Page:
February 06, 2018

Tips for Writing a Resume

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  • A resume usually makes or breaks your chance of getting hired. A good resume will, at the very least, get you an interview; a bad one usually means your paper will either be shredded or used as scrap.

    YOU DON’T WANT TO PISS THIS GUY OFF. He’s a hiring manager, and he doesn’t have time for substandard resumes – no matter how good you are at interviews.

    There are hundreds of tips you can find online about writing a resume, like starting with a template, being honest with what you include, and including your contact details, yet people still miss these key points. Let this serve as your guide to writing a resume:

    HERE’S A SAMPLE. This pretty much covers what you’d like in a resume: short, sweet, and customized for whatever job you may be applying for.

    • Keep it short. Hiring managers/representatives pore through dozens of resumes on a given day. If your resume has more than 2 pages, they’ll likely ignore it because it wouldn’t even count as a resume; it would look more like a CV. A CV or curriculum vitae is a detailed account of your work experience and academic background, which may or may not include teaching experience, awards received, and the like. It’s much longer than a resume and is arranged in chronological order, with your latest achievement/job being at the top.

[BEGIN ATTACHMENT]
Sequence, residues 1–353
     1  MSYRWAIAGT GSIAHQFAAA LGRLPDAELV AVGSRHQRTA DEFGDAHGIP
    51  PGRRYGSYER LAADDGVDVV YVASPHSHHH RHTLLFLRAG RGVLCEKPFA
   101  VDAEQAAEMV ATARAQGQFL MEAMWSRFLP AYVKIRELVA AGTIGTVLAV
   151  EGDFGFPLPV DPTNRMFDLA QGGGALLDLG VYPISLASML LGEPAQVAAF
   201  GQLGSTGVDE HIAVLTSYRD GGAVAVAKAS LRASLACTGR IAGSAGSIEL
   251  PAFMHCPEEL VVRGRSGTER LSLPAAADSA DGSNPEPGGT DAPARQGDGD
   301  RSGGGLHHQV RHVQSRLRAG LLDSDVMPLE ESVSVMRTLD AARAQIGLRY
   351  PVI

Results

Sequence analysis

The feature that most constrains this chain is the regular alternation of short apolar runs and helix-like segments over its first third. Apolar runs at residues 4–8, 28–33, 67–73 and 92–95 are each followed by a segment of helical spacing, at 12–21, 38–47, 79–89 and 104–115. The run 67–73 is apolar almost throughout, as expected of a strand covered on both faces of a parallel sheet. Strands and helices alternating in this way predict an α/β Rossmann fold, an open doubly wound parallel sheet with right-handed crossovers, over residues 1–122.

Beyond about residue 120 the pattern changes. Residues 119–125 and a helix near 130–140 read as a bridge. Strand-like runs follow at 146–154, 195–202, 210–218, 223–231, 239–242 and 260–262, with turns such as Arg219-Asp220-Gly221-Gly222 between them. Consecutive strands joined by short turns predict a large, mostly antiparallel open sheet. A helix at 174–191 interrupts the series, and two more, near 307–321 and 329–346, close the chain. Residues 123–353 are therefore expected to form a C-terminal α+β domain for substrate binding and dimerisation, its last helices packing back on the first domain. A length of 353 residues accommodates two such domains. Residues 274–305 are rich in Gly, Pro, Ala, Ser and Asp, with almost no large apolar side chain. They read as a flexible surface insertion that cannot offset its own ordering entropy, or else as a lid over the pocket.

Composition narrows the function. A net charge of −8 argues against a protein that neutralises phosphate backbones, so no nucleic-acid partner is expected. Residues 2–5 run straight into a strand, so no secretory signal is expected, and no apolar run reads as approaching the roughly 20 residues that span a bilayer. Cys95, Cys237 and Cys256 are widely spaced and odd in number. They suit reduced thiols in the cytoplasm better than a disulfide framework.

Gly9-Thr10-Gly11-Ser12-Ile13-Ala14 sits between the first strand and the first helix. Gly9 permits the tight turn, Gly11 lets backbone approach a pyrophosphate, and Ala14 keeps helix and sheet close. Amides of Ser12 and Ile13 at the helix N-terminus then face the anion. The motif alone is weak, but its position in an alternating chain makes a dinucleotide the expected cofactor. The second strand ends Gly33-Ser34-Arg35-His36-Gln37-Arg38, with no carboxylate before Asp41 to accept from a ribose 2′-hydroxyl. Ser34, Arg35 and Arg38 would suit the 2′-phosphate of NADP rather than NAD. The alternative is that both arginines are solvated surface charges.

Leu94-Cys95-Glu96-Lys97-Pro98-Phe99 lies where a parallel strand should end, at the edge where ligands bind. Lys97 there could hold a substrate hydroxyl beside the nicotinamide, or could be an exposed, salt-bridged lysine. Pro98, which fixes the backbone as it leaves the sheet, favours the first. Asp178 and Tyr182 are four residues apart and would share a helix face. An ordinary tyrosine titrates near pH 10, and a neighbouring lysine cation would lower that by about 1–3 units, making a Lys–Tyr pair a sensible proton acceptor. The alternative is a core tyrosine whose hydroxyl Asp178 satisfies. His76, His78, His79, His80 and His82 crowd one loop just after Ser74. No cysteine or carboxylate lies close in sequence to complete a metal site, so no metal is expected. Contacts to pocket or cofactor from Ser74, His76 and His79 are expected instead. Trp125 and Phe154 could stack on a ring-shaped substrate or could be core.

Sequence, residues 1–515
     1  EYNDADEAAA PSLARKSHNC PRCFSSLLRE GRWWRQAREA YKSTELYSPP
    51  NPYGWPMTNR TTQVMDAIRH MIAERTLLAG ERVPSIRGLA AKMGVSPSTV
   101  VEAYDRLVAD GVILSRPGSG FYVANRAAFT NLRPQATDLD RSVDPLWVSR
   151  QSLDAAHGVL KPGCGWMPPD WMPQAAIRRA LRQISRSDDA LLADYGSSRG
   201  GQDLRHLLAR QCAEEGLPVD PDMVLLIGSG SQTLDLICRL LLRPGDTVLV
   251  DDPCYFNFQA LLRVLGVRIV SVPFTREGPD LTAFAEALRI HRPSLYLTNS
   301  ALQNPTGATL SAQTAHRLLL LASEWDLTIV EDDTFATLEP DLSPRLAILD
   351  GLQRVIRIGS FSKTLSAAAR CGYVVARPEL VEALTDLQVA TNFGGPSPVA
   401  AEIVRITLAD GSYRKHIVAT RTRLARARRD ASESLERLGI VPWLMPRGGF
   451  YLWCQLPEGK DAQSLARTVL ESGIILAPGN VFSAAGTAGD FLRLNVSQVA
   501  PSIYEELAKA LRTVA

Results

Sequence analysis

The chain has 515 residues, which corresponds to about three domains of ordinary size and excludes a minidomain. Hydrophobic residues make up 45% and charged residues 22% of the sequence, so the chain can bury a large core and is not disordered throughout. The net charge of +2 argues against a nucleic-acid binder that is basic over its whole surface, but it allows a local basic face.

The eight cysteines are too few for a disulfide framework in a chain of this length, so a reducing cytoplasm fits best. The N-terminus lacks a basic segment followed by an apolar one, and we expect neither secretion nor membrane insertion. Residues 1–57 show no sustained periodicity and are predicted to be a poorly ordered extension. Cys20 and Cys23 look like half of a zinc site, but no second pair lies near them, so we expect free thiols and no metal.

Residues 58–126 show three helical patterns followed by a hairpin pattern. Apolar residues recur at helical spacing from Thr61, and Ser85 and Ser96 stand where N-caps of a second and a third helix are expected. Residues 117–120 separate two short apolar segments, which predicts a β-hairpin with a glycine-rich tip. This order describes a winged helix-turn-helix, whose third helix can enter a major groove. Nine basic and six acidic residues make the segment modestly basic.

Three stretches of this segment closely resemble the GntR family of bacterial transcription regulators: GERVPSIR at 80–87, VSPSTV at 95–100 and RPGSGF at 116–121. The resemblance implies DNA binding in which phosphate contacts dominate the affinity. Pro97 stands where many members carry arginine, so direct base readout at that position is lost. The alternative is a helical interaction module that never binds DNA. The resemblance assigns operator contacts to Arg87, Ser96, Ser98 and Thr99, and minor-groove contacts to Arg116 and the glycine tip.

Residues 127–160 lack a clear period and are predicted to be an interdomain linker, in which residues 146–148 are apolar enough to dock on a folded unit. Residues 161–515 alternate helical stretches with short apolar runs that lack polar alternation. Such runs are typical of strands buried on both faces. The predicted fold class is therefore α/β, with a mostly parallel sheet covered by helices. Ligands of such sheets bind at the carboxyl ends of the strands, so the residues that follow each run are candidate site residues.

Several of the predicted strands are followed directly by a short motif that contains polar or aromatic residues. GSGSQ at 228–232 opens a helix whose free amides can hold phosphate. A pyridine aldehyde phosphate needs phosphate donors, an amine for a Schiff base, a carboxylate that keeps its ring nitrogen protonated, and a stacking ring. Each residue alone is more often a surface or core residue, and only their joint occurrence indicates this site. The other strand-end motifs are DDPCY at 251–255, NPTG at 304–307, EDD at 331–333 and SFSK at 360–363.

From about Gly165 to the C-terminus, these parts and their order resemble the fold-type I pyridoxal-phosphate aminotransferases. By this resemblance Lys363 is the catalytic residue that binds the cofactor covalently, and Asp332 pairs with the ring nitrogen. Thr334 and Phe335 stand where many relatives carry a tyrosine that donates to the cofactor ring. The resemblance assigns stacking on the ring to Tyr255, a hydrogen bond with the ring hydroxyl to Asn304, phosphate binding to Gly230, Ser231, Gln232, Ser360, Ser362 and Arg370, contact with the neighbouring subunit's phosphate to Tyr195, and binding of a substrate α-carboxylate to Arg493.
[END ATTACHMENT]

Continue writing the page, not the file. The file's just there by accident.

DON’T BE LIKE THIS GUY. Yes, it’s good to send resumes to different companies, but using the same format for every company is more like handing out flyers than giving them your resume.

    • Customize. Don’t send the same resume to different companies; make sure you include relevant experience to suit that company’s needs and the position you are applying for. Any irrelevant experience will likely lead to the hiring manager ignoring your resume.

    GRAMMAR IS KEY. Have your grammar nazi friend look at your resume and check for any grammatical or syntax errors.

    • Proofread. It may sound like it shouldn’t matter, but any grammatical errors would lead to your resume being sent to the bottom of their priority list (if not ignored altogether).
    • Include your objectives. As with keeping it short, being clear about why you want the job makes it easier for hiring managers to decide whether or not they should hire you. Give them a compelling reason by being upfront with what you want to achieve and bring to their team.
    • Cover letter. You can follow every tip in the book, but if you send your resume without a good cover letter, chances are it will be ignored. Make sure your cover letter covers what you have in your resume in two to three paragraphs max. A cover letter gives the hiring manager a brief intro of what they’ll see in your resume as well as anything else you might want to tell them that you can’t fit in the two pages of your resume.

    Heed these five tips and you should be able to at least land an interview with your potential employer. What you do during the interview, of course, will depend on what you say… but we’ll give you tips on that some other time.

    Source: University of California-Davis Internship and Careers Center, Online Writing Lab, Purdue University
    Sample resume from ResumeGenius

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